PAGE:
Borana Bliss

I never really thought Africa was for me. Yes, it’s incredible, don’t get me wrong, but there was always something making me feel I couldn’t see myself living there. That was until now. During my three weeks, Borana completely stole my heart. I have seen and done so much this year that I look back and can’t believe it has actually happened. But this last holiday was one of the best yet, and I didn’t want it to end. Maybe it’s because Kenya is familiar now; random police checks for no apparent reason, potholes the whole width of the road and lorries loaded to the hilt no longer have me staring in complete amazement. I finally understand why Flick has made this place her home, not to mention having Borana is your base.

Just after I arrived our places in Marathon des Sables were confirmed. This turned out to be ideal timing as the first 5km training run had me doubled in half contemplating faking an injury. Was I really that unfit? Yes, but I like to think the altitude had a part to play in it too! It was just the wake up I needed, and I very quickly got into a routine of running every morning, even managing a 16km run near the end of my stay.

I loved running with Sam and his rangers. They gave me the name ‘Askari #24’, which I thought was great, considering 24 is my favourite number. I couldn’t understand a thing they said, but they’d chat away, sing and laugh throughout the runs which were far better than listening to Sam’s weird breathing noises beside me! Carrying a GPS they would give updates on time and distance as we were running, always followed by ‘not so good, not so bad’.


Every day we would pass many different types of wildlife, which still blows my mind. Just like a kid, I’d get back to the Lodge and list all the animals I had spotted to Flis. I love that after her eight years of living there she never once seems complacent about spotting the wildlife too (either that or she has a great poker face!). Having to go ‘off-road’ to avoid two rhino less than 50m from had my eyes out on stalks, not to mention hearing a lion roar on one of my runs close to the lodge. Can think of better ways to add speed training to my runs! We jumped in the car and spotted these two not far from the lodge.


On my last run there was quite a crew of us, so we headed out on a longer route. Climbing up the last main hill, we spotted Wilson at the top on his motorbike checking the locations of the surrounding rhino. About 100m from the top Sam suddenly dropped to the ground, quickly followed by everyone else. ‘Peel back, peel back’ came the call as they got up one by one, peeling off and then joining the end of the line then dropping to the ground again and again. I felt like I was running in circles until I got the hang of what was going on; we were practising an ambush! Now that I had figured out where to go I got right into it, pulling out my pretend gun and shouting a few ‘pyew, pyews’ with pointed fingers. After barely five minutes we had a ‘rendezvous’, and the ambush was over, we were in the ‘safe’ zone! Exciting stuff but not too sure I would feel the same if this situation was for real. Adding to that I was now buggered from the surprise sprint training. Sam later told me sometimes they would do this for up to half an hour. Wow, respect for these guys had just tripled. And we were only half way through our run!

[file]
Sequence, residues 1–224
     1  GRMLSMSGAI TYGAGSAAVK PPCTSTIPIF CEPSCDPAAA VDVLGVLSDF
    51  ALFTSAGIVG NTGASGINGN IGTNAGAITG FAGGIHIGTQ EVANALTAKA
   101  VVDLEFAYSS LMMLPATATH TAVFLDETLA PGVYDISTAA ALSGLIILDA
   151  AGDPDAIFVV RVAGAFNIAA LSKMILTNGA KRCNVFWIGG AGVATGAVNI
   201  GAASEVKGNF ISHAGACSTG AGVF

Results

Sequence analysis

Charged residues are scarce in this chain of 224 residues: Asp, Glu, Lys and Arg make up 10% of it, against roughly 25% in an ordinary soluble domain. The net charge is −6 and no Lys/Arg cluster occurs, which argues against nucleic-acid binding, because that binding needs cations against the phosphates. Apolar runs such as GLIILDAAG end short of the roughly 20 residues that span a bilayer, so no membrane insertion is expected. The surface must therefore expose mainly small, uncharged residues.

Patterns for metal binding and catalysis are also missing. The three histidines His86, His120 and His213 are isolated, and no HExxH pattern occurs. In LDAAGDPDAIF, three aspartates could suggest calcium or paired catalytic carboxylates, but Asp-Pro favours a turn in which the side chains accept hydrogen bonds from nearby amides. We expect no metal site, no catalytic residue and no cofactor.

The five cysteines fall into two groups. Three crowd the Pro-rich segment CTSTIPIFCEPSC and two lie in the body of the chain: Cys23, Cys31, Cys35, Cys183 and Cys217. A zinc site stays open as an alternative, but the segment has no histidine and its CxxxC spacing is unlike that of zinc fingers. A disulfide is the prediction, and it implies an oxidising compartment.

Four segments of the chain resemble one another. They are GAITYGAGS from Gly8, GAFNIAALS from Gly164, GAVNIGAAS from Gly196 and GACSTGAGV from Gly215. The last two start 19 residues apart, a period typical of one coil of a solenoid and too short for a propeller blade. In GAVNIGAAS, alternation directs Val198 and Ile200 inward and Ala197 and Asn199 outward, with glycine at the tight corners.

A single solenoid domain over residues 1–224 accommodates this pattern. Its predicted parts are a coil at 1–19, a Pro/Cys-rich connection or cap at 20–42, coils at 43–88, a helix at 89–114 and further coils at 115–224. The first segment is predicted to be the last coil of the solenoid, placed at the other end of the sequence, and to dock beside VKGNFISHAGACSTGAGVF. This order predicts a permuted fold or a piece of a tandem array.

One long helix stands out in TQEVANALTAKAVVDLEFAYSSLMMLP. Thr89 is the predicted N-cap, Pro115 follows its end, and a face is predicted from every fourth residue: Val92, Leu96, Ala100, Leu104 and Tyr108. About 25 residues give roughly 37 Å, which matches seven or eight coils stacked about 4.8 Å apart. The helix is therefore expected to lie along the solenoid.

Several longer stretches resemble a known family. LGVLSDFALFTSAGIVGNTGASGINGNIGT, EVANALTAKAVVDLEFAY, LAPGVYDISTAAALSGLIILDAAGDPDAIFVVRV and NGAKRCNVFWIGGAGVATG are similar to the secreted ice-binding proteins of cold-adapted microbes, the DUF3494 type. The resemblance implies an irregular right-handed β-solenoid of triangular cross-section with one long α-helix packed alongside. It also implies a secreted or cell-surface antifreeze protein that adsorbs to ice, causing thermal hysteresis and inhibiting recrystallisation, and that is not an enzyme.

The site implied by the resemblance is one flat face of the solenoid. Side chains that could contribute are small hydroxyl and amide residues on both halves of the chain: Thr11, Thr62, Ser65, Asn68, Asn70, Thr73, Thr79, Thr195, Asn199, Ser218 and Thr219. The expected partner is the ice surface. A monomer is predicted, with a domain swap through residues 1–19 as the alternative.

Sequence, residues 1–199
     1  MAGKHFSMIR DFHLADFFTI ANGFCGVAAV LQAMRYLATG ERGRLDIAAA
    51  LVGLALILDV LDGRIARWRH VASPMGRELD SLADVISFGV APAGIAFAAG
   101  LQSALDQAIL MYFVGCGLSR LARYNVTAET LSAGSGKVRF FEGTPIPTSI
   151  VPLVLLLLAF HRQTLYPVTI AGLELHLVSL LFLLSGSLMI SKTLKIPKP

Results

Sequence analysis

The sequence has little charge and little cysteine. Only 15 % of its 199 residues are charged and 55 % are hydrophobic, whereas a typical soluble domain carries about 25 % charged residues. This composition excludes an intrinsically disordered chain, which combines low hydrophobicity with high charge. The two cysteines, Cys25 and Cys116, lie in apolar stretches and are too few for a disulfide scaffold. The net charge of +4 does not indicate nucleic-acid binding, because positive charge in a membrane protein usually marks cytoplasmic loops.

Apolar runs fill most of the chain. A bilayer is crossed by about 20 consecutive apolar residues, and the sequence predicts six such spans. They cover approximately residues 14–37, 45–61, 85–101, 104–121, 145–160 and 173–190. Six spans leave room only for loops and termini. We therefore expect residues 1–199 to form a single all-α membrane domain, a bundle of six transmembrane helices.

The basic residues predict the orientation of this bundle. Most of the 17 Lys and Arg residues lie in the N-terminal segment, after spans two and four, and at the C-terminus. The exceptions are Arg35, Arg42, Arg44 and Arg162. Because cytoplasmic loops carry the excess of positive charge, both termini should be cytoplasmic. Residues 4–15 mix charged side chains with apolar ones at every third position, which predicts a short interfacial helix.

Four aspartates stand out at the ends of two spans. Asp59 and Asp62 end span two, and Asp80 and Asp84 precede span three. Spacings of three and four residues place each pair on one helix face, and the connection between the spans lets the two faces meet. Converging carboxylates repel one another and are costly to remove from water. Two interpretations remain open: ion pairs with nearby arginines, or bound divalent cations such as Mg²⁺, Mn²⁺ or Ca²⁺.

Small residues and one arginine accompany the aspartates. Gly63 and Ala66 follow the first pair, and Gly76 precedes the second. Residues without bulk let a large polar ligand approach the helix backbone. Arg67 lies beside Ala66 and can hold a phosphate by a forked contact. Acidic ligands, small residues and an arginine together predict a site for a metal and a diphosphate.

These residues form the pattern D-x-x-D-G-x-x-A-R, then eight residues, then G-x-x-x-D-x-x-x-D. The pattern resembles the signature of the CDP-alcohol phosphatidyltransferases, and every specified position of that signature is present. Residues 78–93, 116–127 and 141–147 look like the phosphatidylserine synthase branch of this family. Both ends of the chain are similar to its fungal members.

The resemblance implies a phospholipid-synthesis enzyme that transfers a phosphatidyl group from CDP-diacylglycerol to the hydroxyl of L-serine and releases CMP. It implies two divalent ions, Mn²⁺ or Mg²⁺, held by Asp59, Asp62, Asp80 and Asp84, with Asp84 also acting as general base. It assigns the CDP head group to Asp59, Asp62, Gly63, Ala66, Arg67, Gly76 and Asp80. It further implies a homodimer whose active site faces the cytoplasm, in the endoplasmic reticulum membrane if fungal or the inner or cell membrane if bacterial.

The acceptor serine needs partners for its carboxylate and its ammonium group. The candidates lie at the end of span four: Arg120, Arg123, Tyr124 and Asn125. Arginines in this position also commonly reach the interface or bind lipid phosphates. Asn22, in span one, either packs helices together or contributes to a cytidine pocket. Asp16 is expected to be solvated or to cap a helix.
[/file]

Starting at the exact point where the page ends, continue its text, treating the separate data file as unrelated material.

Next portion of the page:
The three weeks I was there flew by with many different types of activities including game drives, safaris, gym sessions, walks, horse riding, socialising and the best of all playing auntie Hollie! Briar was the best time-waster, and it was so lovely to spend so much time with her.

One night for a quick break away we headed up to Sarara Camp in the northern frontier to stay with some of Flis and Sam’s friends. It was amazing up there, very arid and dry, quite a contrast from Borana only three hours away. Located on the Savannah plains with the Matthews Range defining the skyline, it was yet another spectacular part of Kenya. It would be an ideal place to train for MdS (just have to watch out for the leopards!) We were lucky enough to spot some elephant on our evening drive as they were heading to the whistling wells to drink. Because they had to put their trunks down into the wells, we watched them lean on their front legs, with one back leg in the air and tail up for balance! Quite surprising for such a large animal!


On one of my final evenings there I crossed another adventure off the list and went paragliding. It was a beautiful evening, and just as the wind died down we took off over the plains of Borana, with views for Africa (ha, sorry couldn’t resist.) It was so peaceful and such an awesome experience. Hunter Marion who took me holds the Kenyan record for the longest solo flight, so I was in very safe hands. Put it on your to-do list if you’re visiting Borana next!

The next three months leading up to Christmas are quieter for me now. Working, running (with no lions to dodge), eating and sleeping will become my life as I  try (as much as one can while living in London) to save some money for the next adventure. 

“Every morning in Africa, a gazelle wakes up, it knows it must outrun the fastest lion, or it will be killed. Every morning in Africa, a lion wakes up. It knows it must run faster than the slowest gazelle, or it will starve. It doesn't matter whether you're the lion or a gazelle-when the sun comes up, you'd better be running.” ― Christopher McDougall
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